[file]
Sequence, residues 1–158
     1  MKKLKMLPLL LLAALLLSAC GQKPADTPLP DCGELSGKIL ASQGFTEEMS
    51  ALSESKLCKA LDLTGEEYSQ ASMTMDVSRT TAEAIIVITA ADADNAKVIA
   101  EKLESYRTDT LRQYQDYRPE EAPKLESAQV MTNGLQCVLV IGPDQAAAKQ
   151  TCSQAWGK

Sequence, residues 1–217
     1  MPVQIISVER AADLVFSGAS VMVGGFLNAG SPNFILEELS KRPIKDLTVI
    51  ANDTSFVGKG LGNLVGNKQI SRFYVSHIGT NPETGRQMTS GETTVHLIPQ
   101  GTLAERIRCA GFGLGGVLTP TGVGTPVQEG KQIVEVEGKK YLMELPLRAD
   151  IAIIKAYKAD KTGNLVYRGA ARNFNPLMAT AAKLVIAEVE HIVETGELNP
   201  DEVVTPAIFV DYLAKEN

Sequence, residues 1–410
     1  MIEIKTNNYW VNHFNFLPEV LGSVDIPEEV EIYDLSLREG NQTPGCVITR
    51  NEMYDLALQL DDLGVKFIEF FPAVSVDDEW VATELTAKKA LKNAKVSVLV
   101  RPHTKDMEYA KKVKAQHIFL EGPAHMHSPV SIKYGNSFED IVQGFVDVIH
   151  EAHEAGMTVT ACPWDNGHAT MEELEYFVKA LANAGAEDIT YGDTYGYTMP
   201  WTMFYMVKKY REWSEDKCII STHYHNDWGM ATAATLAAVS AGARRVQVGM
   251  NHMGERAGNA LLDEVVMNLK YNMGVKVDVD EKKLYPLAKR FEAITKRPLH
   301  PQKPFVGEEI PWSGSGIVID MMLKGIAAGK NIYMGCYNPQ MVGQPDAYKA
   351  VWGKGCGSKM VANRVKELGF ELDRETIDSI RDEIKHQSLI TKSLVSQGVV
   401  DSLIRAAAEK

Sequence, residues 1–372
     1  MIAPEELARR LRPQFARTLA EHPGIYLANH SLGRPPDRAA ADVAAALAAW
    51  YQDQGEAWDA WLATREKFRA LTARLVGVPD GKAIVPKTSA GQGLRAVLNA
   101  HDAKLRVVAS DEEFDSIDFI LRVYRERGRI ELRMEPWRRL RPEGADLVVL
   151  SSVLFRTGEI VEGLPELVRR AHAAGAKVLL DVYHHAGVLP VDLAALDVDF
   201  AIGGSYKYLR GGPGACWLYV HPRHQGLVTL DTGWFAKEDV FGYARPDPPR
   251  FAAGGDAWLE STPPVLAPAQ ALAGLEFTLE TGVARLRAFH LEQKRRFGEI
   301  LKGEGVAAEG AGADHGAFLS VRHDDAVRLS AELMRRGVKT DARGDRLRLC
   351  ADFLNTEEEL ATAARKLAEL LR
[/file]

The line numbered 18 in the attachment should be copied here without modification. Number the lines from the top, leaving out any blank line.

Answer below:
   251  NHMGERAGNA LLDEVVMNLK YNMGVKVDVD EKKLYPLAKR FEAITKRPLH